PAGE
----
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Lab_Measurements

# Lab_Measurements - Lab Purpose Measurement and Analysis...

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Lab Measurement and Analysis Purpose : This lab demonstrates difference methods of measurement and analysis. We will attempt to measure the constant acceleration of freely falling objects. Background : In the first part of the lab, we collect data using a meter stick and a stop watch. We use Excel to help us make sense of the data. First we use Excel to graph the data; we then use the fitting tool in Excel to interpret data mathematically. In another words, we use Excel to see how data sets correlate mathematically. In the second part of the lab, we will learn how to collect data using electronic sensor. Data collected by the motion sensor will be fed to the computer through the interface box. These data can be displayed and analyzed using the DataStudio software. Equipments: Meter stick, stop watch, 20 g mass, Excel, table clamp, 3 ft and 1 ft bars, cross clamp, motion sensor & DataStudio. Part 1: Stop Watch Measurement 1. We will use a meter stick and a stop watch to measure the initial heights and the times required for an object to fall through those heights. From this information we will calculate the acceleration. Use a small mass, say 20 g or 50 g (heavy enough to minimize air resistance but not too heavy just to be safe.) The initial heights are set to predetermined values; see the table below. For each initial height, measure the time it takes the object to hit the floor from rest 10 times. The same person should drop and time to reduce reaction lag. 2. Set up an Excel table like the one shown below and fill in the times. Always have your raw data available, preferably organized as well. H(m) T1(s) T2(s) T3(s) T4(s) T5(s) T6(s) T7(s) T8(s) T9(s) T10(s) Tavg(s) 0.5 0.75 1.0 1.25 1.50 1.75 2.00 3. Under the “tavg” cells, type in “=AVERAGE(B2:K2)” where “B2:K2” is the range of the cells where the times reside. You cell locations may vary. Hit the “enter” key when you are done. Check that the value under “tavg” is the average of the 10 individual times. Repeat for the other heights or use the “fill down” command. Analysis: Fit using quadratic fit See appendix I “How to Excel Plot and Fit” for instructions on how to plot this data and fit a parabola (quadratic fit) through this data. We now compare these coefficients to the model of what we think occurs. Kinematics tells us that the initial height relates to the elapsed time by the following equation. yf = yi + vi*t + 1/2*a* t 2 or yi = yf – vi*t – ½ *a * t 2 Note that yf represents the final height, its value should be zero, yi represents the initial height, vi represents the initial velocity, its value should be zero, and a represents the acceleration of the object, its value should be the acceleration of gravity or -9.81 m/s 2 .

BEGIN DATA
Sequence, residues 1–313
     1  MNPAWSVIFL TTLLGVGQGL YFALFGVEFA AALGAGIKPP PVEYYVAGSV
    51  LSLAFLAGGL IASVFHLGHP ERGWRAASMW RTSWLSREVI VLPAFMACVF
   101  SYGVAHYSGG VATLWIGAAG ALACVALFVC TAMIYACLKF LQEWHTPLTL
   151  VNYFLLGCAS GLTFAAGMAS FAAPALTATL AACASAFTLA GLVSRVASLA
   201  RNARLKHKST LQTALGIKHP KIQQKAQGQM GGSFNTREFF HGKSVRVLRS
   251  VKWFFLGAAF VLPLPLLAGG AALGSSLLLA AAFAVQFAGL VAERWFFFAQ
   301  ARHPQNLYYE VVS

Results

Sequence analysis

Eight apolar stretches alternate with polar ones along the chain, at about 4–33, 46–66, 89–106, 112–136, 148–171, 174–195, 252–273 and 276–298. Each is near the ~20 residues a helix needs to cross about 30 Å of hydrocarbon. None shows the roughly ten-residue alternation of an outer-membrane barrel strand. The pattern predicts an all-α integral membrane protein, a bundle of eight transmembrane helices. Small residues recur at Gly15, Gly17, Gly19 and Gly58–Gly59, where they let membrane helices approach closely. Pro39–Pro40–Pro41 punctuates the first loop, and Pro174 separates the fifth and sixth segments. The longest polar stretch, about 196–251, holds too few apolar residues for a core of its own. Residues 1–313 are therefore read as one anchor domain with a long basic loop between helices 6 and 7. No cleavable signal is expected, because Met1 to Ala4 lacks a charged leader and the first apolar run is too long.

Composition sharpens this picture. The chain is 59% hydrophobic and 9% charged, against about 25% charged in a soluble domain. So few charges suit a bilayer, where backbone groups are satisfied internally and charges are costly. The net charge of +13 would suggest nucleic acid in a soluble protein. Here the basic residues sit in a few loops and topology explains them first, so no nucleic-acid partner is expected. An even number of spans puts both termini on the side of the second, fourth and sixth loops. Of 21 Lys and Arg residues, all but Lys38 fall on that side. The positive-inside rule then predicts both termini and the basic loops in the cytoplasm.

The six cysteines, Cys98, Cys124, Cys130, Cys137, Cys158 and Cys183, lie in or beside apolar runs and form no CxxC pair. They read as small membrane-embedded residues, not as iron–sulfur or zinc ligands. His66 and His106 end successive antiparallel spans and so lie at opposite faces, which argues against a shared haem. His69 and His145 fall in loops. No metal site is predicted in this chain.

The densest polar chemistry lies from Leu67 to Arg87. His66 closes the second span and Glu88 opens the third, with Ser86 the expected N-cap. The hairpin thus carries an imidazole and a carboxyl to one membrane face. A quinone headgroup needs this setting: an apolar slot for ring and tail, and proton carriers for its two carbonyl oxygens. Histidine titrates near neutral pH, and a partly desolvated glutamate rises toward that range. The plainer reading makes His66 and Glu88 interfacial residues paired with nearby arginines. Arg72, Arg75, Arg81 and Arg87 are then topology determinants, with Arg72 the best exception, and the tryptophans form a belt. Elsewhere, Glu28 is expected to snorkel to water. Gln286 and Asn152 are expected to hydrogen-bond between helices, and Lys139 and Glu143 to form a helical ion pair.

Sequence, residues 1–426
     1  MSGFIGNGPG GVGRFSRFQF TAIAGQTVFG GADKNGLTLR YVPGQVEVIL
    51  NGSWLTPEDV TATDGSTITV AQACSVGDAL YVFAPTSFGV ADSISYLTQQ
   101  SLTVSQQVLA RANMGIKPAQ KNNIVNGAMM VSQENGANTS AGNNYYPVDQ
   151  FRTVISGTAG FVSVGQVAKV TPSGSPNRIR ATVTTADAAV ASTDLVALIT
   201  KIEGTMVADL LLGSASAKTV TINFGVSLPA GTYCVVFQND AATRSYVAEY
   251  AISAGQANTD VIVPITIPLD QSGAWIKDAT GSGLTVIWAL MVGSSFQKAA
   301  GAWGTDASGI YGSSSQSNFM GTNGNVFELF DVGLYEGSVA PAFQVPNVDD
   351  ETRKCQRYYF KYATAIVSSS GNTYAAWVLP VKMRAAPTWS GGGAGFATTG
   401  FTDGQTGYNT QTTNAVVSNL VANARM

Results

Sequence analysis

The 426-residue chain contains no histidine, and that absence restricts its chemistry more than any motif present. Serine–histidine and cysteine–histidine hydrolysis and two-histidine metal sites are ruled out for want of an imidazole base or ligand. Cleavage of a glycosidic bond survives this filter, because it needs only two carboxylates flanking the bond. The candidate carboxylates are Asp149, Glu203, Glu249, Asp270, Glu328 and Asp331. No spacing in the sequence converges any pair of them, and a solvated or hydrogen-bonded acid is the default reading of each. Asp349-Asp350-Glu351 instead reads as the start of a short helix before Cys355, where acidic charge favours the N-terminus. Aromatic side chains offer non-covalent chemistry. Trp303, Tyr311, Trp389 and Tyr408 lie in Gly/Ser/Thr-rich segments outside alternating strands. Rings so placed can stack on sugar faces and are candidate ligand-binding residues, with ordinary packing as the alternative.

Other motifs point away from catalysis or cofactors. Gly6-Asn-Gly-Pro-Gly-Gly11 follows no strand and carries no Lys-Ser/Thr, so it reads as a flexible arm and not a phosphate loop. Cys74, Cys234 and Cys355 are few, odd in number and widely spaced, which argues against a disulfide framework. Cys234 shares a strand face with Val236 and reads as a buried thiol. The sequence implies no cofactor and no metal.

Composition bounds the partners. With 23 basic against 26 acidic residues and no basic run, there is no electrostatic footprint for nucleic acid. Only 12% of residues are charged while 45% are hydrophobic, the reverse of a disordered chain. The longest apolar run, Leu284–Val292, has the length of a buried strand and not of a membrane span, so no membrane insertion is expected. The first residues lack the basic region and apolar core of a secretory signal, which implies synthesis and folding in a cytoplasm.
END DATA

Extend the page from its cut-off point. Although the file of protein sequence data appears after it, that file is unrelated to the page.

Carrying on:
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This is why we are using a parabolic fit since the initial height is a quadratic function of the elapsed time.
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